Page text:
A wee while ago, I heard about making felt feet from a friend who advised me to contact Yuli Somme, a feltmaker based in Devon. Back in 2007, she had developed a process for doing this as part of an arts project to celebrate the winter solstice that was inspired by a walk she undertook in Norway retracing her father’s epic escape during the Second World War. She heard tales of travellers who had stuffed wool into their boots for insulation which felted as they went about their daily lives. She experimented with this idea and felt feet were born!
For almost a year I’ve had a bag of Blue-faced Leicester wool sitting under my bed crying out to be used for such an activity. Yuli recommends this native British fleece as the most suitable. She tried lots of different types in her experiments. The original felt feet project was particularly striking as all the boots were creamy white and contrasted sharply with the moorland landscape upon which they were placed. Undertaking feet felting at the start of a walk and felting the wool through walking can be a poignant approach to a journey project or hike that merits a practical memory making activity.
Yulie sells felt feet starter kits and this lovely video shows the process – the children dancing are worth seeing, as are the boots walking over a car towards the end of the clip. As you can see, felting feet has a multi-purpose potential which I think many children would enjoy be keen to try:
At the end of the Drove Roads Journey, there was a final event for local people and passers by to enjoy. One of the journey participants, Sarah Hughes, had carried with her on the journey a large quantity of merino felting wool and offered to undertake some feet felting as part of the event.
It very much reminded me of making felt seats albeit with some sensible adjustments. If you do buy Yuli’s Feetfelt Kit, then there’s lots of helpful detail about the specifics of ensuring the felt feet have no holes or gaps. When Sarah felted my feet I chose the colours of the clothes I had been wearing during the week and asked for a rough check or tartan design because I particularly enjoyed the opportunity to see part of Scotland that I did not know very well.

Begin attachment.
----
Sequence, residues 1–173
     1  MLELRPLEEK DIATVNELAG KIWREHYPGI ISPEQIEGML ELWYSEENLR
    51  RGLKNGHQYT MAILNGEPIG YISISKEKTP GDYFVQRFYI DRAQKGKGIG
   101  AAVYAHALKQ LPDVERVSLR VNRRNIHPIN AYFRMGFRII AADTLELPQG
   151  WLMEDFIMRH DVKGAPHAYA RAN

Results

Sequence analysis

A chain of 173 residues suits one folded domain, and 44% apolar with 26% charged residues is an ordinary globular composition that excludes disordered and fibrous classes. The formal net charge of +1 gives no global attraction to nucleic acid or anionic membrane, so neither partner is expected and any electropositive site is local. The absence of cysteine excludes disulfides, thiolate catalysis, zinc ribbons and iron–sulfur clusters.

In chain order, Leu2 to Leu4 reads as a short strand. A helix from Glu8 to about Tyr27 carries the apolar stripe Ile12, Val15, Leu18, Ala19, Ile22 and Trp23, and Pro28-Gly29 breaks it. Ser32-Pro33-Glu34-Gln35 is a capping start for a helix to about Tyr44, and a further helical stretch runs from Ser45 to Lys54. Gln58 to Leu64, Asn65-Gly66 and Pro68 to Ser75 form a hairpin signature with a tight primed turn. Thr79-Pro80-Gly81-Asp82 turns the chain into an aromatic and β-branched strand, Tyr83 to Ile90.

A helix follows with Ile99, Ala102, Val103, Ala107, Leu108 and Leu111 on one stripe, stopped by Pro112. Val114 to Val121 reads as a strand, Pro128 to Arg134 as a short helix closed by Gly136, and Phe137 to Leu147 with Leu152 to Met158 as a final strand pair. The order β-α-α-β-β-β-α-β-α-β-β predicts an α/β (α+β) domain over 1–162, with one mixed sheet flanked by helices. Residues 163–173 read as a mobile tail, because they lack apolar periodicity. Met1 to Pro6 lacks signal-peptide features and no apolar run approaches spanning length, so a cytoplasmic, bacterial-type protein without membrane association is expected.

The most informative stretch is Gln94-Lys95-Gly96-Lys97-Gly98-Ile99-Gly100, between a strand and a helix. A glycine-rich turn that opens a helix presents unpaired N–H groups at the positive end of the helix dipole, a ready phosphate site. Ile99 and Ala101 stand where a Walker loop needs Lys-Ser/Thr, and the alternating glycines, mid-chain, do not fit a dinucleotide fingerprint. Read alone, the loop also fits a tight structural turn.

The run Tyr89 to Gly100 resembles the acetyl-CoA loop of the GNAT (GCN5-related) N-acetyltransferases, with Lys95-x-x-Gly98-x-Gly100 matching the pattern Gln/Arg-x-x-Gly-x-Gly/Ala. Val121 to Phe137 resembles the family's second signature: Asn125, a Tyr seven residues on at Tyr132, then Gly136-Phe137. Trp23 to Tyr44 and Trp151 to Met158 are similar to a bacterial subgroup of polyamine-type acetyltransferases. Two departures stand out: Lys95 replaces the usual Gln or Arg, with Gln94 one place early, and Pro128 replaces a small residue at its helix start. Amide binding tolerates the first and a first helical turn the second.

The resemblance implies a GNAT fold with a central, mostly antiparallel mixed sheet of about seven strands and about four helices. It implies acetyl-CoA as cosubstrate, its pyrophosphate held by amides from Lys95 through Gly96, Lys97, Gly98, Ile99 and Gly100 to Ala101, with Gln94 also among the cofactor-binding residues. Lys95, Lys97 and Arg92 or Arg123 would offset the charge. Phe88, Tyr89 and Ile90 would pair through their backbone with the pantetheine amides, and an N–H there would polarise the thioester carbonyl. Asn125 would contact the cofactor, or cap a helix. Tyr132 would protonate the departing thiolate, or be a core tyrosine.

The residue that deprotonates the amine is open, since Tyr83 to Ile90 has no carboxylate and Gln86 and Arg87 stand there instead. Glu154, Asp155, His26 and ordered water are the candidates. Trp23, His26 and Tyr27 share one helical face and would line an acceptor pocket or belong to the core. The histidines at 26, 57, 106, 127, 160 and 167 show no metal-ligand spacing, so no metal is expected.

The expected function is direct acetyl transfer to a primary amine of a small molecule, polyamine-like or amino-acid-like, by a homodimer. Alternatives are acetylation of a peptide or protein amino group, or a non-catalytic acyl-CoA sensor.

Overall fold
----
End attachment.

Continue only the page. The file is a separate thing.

A lot of patience is needed for the felting process, unlike other felt projects I’ve undertaken. The soggy wet wool needs to be worn until fully felted. As it was the final day of the Drove Road Journey, I made the decision not to remove them until I had returned home. Once I arrived (about 6 hours later), I took off my boots and bread bags and rinsed off the felt feet before carefully peeling off the felt feet. Here they are at the back entrance to my house:
And here’s a side view. Sarah had done a very through job in that there were no holes and the ankles are beautifully even:
Even the soles look lovely…
So this pair of felt feet are one of many memories created from the Drove Road Journey. A unique and lasting tribute to the event. Many thanks to Sarah for her wonderful work.
The felt feet are too close fitting to be used as slippers. However, having undertaken this activity, I’m now keen to try and make slippers using the original Blue-faced Leicester wool I still have along with other native sheep breeds for decoration.